When you are in the midst of financial turmoil, it isn't always easy to see the light. In addition to dealing with personal guilt, you might also have a hard time answering calls from bill collectors and family members. In an effort to make things right, you might be thinking about declaring bankruptcy. Unfortunately, a bad decision or two could alter your ability to discharge your debt. Here are two mistakes that could destroy your case, and how you can streamline the process:
1: Skipping the Legal Counsel
In 2014, over one million people declared bankruptcy. If you have a brother, friend, co-worker, or social media acquaintance that has gone through the process, you might figure that you are well versed enough to handle your own filing—without the help of an attorney. Unfortunately, unless you read legal financial documents for fun during your free time, figuring out bankruptcy proceedings might be more difficult than you think. Here are a few reasons you should always work with an attorney to file bankruptcy:
- Filing the Wrong Chapter: A bankruptcy is a bankruptcy, right? Wrong. Although they might all seem the same, different types of bankruptcy are suited for different situations. For example, if you file a Chapter 13 bankruptcy instead of the Chapter 7 version you need, you might end up being asked to pay back debt in a restructured plan instead of having your bills wiped away. Fortunately, a lawyer can evaluate your finances and decide which filing is best for you.
- Exemptions: Depending on the type of bankruptcy you file, you might be required to sell some of your assets to pay past-due balances. However, some states, like California, have exemptions to protect possessions like your car or household furnishings. Working with a professional attorney who can interpret state law and new legislation will help you to protect the things that are rightfully yours.
- Legal Progression: One huge benefit to working with a bankruptcy lawyer is that they understand how the legal process unfolds. Instead of filling out forms haphazardly and guessing on due dates, you can have an expert by your side to help you to navigate the legalities.
Although it might seem expensive and overwhelming to hire a professional, some lawyers charge flat fees for bankruptcy filings. For example, if you file a simple Chapter 7 bankruptcy filing, attorney fees tend to range between $500 and $3,500.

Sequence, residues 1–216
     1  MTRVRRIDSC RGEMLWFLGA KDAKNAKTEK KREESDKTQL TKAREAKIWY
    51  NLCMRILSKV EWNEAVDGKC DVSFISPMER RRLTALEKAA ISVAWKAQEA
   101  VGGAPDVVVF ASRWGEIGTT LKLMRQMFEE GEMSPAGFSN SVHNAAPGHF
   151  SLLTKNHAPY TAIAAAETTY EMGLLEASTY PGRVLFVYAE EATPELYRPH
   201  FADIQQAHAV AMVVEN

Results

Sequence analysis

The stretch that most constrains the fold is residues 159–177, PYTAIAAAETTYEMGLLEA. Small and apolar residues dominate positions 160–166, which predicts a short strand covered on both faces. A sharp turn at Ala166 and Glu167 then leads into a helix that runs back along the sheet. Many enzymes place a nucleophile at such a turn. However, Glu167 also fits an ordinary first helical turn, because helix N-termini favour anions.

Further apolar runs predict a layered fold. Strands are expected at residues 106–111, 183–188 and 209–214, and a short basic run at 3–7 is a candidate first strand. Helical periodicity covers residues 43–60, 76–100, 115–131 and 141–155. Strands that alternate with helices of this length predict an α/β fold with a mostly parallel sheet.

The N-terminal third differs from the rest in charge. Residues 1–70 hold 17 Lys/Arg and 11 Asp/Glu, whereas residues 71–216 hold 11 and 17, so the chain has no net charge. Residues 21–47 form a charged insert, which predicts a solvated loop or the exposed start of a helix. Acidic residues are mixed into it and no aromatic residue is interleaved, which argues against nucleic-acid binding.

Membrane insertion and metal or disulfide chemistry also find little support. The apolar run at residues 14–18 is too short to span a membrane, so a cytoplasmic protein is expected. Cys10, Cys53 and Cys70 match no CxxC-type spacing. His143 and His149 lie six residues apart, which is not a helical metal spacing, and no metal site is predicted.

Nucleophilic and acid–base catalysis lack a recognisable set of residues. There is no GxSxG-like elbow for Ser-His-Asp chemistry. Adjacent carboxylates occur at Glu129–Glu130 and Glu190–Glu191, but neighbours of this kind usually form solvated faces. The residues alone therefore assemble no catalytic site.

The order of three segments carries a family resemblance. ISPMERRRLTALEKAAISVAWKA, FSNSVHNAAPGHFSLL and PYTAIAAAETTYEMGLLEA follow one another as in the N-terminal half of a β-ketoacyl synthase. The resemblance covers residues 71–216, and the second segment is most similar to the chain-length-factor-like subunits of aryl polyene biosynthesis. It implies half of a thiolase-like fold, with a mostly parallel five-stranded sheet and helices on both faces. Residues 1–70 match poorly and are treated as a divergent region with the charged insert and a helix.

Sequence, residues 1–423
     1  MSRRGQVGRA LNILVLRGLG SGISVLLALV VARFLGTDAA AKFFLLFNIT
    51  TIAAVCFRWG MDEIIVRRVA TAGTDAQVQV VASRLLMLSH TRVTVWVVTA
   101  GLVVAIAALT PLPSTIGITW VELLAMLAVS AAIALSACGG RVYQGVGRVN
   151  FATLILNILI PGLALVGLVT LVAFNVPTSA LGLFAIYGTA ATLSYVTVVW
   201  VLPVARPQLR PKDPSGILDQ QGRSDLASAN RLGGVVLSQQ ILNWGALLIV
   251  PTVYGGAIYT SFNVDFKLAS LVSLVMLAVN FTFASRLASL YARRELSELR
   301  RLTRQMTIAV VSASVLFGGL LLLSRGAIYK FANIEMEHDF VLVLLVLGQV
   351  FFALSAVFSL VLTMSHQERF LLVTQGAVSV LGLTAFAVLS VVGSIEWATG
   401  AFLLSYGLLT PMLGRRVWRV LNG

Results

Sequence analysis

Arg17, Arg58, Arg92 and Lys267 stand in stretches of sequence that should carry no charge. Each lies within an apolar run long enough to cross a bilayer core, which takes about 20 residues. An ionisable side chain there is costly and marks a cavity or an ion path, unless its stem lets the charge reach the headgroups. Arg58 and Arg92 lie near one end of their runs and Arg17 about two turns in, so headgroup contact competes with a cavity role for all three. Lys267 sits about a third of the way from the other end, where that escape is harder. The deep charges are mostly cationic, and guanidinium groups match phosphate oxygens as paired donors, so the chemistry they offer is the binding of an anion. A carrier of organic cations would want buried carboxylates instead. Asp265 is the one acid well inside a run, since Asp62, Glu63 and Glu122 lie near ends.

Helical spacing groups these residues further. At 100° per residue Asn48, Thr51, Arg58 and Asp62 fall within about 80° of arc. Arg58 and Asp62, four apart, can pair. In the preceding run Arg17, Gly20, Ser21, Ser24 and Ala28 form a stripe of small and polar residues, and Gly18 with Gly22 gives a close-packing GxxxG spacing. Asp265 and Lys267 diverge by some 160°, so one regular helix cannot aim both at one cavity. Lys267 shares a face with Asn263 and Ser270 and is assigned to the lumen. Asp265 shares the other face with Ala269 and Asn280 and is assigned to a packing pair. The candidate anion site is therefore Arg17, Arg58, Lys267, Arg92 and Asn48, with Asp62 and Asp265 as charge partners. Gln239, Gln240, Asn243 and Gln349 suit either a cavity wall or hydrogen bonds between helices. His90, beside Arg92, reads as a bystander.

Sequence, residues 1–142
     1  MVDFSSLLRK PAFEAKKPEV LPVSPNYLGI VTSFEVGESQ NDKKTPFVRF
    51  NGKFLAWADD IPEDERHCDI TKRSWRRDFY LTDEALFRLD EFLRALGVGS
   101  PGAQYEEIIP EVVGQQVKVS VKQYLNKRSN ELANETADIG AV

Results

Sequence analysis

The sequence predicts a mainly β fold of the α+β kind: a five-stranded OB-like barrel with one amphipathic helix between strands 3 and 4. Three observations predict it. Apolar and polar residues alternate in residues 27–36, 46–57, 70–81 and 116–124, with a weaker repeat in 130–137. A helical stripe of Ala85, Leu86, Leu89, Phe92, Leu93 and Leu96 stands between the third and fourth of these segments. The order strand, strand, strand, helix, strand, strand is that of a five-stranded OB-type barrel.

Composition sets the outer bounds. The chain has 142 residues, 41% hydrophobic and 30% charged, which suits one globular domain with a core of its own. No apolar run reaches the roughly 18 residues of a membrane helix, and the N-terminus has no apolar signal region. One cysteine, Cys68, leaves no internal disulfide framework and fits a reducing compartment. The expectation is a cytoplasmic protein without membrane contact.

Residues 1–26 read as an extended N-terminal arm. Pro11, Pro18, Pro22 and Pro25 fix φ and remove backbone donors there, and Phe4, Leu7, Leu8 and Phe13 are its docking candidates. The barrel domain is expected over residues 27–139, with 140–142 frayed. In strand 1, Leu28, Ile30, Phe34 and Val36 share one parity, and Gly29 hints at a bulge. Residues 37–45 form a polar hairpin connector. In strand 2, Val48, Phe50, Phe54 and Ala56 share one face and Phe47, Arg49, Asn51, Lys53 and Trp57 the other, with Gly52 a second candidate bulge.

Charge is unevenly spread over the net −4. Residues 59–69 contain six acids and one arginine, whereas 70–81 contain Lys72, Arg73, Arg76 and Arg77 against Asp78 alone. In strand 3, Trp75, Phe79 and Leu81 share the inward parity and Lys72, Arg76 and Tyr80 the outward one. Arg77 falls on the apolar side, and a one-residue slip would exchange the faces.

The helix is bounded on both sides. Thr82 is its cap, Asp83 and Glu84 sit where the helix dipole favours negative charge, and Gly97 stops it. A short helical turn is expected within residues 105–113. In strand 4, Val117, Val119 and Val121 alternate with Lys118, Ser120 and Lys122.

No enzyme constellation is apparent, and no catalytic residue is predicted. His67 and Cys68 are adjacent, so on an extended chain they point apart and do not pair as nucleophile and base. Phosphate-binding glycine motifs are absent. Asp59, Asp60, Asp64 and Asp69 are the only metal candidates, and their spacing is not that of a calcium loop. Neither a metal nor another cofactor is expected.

2: Misrepresenting Debts or Assets
After spending years accumulating assets, it can be a little unnerving to think about selling those items to satisfy debts—especially if you don't feel like you should pay your creditors. Unfortunately, although it might be tempting to misrepresent your financial situation, doing so could cause your case to be dismissed. Here are a few things you should never do when you are going through a bankruptcy:
- "Giving" Items Away: If you want to keep that boat or ATV, you might be tempted to "give" the vehicle to a friend or family member until your bankruptcy trustee stops looking into your assets.
- Disguising Income: Since your income will come into play when your attorney works out your debt repayment plan, some people are tempted to ask their employers to hold bonuses or alter income reporting.
Believe it or not, making these types of decisions could cause more trouble than just delaying your bankruptcy. In fact, if you are caught trying to conceal assets, you could be subjected to criminal charges that could carry a fine of up to $250,000 or five years in prison. To fend off trouble, always be as honest and transparent as possible with your attorney and bankruptcy trustee.
By working with a lawyer and following the rules, you might be able to wipe the financial slate clean, so that you can enjoy your life again. Click here to read more.